Selecting a color scheme for your interior design project can be overwhelming with so many different options to choose from. If you’ve ever visited a local paint store, home improvement store, or researched colors to use for your home in the past, you are likely aware that the options seem never ending. Although it’s wonderful to have such a wide array of colors to choose from, you may find yourself wishing that a solidified color palette was easier to discover and feel confident moving forward with. One simple solution to making a quick decision is to choose to work with a monochromatic color scheme. The use of a monochromatic color palette for a home is not only visually appealing to the eye, but it also provides a strong sense of cohesion which is a great way to make your home feel unified in its design aesthetic.
What Does Monochromatic Color Scheme Mean?
By definition, monochromatic color schemes are derived from a single base hue and extended using its shades, tones and tints. Not sure what those terms mean? Let’s run through them in a bit more detail!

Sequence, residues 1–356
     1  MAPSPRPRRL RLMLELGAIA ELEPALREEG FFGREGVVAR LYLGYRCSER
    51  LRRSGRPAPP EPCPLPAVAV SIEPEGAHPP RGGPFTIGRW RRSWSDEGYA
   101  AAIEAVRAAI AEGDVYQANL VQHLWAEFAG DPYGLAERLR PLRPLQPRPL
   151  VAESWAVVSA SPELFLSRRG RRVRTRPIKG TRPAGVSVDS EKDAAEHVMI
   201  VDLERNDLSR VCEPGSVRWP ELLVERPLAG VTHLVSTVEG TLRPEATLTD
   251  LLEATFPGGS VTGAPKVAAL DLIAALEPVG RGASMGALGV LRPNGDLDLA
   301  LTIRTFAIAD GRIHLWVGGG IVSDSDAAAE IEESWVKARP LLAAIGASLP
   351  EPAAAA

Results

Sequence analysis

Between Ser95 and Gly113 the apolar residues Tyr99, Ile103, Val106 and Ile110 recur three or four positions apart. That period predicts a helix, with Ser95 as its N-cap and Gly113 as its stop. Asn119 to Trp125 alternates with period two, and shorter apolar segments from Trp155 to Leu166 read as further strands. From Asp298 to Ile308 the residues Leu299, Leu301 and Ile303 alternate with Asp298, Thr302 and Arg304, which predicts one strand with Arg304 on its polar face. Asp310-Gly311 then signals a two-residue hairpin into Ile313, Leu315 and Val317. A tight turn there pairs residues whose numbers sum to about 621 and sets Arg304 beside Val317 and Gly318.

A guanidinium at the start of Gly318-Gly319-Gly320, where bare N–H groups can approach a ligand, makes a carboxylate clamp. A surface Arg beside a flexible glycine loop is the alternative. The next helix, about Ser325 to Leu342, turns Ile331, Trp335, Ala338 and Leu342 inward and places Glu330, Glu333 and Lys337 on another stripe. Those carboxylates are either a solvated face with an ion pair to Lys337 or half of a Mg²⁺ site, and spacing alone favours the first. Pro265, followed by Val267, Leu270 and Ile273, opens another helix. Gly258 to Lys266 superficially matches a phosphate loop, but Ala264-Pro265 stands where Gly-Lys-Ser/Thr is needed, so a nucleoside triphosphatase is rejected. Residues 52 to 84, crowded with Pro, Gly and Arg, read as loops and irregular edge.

- Color (or Hue): The property possessed by an object of producing different sensations on the eye as a result of the way the object reflects or emits light. Colors are what we refer to when we say “red” or “yellow.”
- Value: The value of a color is a representation of a color's brightness. It is one of the color appearance parameters of any color appearance model.
- Tint: A tint is a variety of a color once the value of the color has been lightened with the addition of white.
- Shade: A shade is a variety of color once the value of the color has been darkened with the addition of black.
- Tone: A tone is a variety of color once the value of the color has been muted with the addition of gray.
Now that we’ve covered the basics, let’s dive a bit deeper into the meaning of a monochromatic color scheme. As mentioned, a monochromatic color palette is derived from a single base hue and extended using its shades, tones and tints. This means that a single base color should form the foundation of the entire room's color design, and although various shades and tones of that color can serve as accents in the space, there should be no other base colors present in monochromatic design. While decorating with one main color may sound drab, it is important to remember that monochromatic does not necessarily mean the space has to lack color or character, so you can start out with any color you’d like and build from there!
If you are struggling with where to start when it comes to color for your home design, we highly suggest using a monochromatic theme as it is relatively easy to achieve and can be visually stunning. Read on to discover some of our tips and tricks when it comes to achieving monochromatic color schemes for any room of your home!
Should a Monochromatic Color Scheme be Neutral?